Banking is one of the most complex areas of modern economies. Flawed understanding, mismanagement, and bad regulation of banks have caused the Great Financial Crisis of 2007-2010 and the worst economic crisis in Europe in decades. This course will shed some light on the theory of banking and recent empirical insights into the functioning of banks. Starting from a thorough discussion of basic conceptual frameworks it will discuss elements of shadow banking, financial stability, and bank regulation.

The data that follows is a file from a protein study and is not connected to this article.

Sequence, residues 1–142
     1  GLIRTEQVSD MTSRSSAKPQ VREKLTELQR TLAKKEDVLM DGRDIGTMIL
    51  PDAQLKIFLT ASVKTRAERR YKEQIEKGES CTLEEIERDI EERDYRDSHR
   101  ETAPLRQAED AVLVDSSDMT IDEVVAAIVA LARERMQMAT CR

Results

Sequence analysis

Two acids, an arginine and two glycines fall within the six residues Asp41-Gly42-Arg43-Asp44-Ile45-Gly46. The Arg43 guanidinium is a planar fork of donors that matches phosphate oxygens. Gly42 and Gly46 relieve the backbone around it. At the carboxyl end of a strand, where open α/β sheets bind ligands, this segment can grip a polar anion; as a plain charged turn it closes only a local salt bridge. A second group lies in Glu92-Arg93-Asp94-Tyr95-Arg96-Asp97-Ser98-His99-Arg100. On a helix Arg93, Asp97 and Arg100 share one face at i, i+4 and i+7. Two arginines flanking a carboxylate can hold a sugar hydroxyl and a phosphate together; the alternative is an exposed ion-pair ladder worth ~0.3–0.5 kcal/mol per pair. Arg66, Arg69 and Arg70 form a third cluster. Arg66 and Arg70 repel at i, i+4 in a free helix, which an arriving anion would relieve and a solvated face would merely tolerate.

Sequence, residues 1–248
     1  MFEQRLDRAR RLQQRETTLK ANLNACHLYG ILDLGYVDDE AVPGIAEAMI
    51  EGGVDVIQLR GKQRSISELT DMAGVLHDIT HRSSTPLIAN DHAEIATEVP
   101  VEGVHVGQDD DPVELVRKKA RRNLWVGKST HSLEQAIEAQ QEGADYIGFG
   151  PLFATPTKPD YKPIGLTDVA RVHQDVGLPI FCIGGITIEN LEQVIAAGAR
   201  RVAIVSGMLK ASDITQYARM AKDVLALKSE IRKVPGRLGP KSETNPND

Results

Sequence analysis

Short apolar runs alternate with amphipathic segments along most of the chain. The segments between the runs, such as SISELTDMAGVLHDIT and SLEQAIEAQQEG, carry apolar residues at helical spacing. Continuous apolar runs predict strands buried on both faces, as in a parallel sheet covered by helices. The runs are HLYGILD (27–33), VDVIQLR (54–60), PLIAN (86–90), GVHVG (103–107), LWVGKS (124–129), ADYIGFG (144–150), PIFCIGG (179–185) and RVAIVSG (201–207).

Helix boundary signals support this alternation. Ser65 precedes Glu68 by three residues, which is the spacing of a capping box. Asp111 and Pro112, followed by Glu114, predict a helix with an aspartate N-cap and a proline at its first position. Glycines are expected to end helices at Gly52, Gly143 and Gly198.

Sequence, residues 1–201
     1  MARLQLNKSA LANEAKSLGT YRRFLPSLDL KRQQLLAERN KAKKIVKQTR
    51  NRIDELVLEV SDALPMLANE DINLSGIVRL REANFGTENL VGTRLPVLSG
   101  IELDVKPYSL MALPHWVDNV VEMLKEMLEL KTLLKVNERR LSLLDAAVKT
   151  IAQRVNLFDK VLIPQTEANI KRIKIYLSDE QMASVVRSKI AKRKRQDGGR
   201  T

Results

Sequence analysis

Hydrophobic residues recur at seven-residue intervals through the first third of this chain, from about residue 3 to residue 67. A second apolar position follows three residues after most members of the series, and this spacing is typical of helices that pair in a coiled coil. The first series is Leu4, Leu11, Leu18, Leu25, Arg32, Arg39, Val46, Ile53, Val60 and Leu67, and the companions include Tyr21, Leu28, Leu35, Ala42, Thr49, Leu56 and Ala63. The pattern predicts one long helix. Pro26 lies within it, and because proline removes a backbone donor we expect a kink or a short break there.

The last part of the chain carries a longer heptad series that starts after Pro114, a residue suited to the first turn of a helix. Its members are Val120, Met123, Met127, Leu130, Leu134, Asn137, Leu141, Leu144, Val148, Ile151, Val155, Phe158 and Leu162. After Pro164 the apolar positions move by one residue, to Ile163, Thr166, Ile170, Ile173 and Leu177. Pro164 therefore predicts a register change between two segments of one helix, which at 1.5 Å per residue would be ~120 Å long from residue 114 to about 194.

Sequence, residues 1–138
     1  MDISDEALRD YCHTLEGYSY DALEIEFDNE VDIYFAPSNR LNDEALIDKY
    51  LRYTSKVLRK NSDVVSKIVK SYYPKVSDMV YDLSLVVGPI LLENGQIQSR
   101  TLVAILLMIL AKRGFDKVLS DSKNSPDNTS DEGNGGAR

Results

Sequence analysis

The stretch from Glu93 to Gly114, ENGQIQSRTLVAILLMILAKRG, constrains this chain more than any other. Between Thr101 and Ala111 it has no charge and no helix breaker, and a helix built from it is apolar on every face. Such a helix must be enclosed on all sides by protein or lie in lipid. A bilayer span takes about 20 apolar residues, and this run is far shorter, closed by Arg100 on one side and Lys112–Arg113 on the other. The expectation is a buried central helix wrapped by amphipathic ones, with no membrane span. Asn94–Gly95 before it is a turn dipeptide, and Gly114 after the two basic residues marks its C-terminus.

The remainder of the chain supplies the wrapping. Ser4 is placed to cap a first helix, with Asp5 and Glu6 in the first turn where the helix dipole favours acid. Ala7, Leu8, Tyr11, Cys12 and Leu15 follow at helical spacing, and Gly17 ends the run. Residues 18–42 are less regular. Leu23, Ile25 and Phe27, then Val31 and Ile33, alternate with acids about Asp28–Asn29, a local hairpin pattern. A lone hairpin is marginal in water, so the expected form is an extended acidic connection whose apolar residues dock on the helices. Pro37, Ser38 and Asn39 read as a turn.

The course provides an introduction to the conceptual foundations of banking and explores the workings of banks in modern economies, by looking at problems of credit intermediation, liquidity provision, maturity transformation, relationship lending, and bank competition. These classic themes were all present in the Great Financial Crisis, and we study some of their implications in the context of securitisation, repo markets, and shadow banking more generally. We will look specifically at the roots of the European debt crisis that started in 2009.
At the end of this course you will:
Appreciate the complexity of banking in its various guises
Understand some of the problems that caused the financial crises of the past decade
Have acquired some tools for designing sensible banking regulation